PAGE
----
v.11     The king of the south at this point, Ptolemy IV, was a miserable ruler, a playboy who was not respected by his people, but somehow, largely because of the competence of his generals, he managed a great victory over the Seleucid king, Antiochus III, at the battle of Raphia, on the frontier between Egypt and Palestine, in 217 B.C. Remember, it was 535 B.C. when the vision was given to Daniel, so we’ve moved forward more than 300 years. Antiochus lost 17,000 in the battle, the Egyptians only 2,000. [Davis, 149]

v.13     Now remember, Judea lay directly between Egypt and Syria, so found itself in the path of these armies invading in either direction. What matters in the vision is the implications of all of this warfare for the Jews. Canaan, as you recall, had long been a highway between Egypt and the rest of the near eastern world. Much of Israel’s history had been shaped by that geographical reality.

v.14     In other words, some Jews sided with the northern kingdom in hopes of throwing off the yoke of their oppressor to the south. But they were unsuccessful. The reference to the vision at least raises the possibility that they thought they were fulfilling this very prophecy that we have in chapter 11. They knew what had been prophesied by Daniel and thought they found their situation in the prophecy. They rose up accordingly, but failed. [cf. Longman, 276]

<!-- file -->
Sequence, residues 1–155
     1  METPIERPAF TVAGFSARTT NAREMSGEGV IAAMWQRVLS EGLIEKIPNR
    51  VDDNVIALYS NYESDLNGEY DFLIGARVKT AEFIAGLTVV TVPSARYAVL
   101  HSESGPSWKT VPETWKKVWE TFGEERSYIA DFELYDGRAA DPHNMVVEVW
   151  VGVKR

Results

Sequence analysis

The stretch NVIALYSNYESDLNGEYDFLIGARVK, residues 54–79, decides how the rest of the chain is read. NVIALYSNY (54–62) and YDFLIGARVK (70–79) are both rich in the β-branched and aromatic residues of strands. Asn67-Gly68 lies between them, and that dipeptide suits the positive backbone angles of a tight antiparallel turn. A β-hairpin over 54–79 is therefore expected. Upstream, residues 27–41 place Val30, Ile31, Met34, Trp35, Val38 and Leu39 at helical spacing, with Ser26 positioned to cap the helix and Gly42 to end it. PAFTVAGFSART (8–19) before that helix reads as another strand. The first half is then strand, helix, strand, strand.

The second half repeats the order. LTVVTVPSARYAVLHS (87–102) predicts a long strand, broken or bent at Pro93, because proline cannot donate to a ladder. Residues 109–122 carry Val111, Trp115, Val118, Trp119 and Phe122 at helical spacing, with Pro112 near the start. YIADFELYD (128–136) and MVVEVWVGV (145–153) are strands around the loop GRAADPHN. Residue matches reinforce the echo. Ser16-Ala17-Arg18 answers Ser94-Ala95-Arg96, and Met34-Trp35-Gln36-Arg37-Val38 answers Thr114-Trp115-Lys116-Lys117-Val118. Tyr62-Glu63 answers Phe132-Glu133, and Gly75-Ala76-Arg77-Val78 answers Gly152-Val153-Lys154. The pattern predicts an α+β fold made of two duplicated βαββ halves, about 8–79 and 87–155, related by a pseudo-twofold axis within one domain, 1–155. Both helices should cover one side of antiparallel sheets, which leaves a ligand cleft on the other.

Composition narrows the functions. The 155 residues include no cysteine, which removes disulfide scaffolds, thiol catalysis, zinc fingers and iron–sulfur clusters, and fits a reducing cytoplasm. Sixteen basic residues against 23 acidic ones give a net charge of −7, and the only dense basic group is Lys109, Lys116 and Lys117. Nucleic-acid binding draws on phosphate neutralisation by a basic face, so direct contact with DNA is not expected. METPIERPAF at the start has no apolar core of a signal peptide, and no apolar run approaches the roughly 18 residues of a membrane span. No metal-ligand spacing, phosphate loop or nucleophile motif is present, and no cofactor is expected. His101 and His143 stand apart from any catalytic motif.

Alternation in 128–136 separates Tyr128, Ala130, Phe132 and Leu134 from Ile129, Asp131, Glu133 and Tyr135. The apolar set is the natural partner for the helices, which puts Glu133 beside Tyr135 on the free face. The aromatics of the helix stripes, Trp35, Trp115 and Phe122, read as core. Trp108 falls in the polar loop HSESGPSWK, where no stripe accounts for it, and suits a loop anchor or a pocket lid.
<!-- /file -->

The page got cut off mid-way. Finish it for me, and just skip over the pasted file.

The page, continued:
v.16     The best troops of the Egyptian army throughout this whole period were not the Egyptian soldiers themselves but others that had been paid for by the king. The Seleucids made a comeback, perhaps partly due to the fact that upon Ptolemy IV’s death, he was succeeded by his four year old son.

v.17     It was Antiochus the Great’s plan, in marrying his daughter Cleopatra to Ptolemy V, not only to gain permanent control over Egypt but finally to forge a single kingdom out of the Syrian-Egyptian alliance. He sought to accomplish these goals by giving his daughter Cleopatra to Ptolemy V with the hope was she would be favorable to Syria in the court and gradually Egypt would be peacefully drawn into the Syrian orbit. But Cleopatra actually loved her new husband and, no longer Daddy’s girl, became pro-Egyptian in her outlook. This is not the Cleopatra who would be the mistress of both Caesar and Mark Anthony – that Cleopatra, the VII, would not appear for a century and a half – but it is this Cleopatra, The First, who gave her name to the Egyptian queens.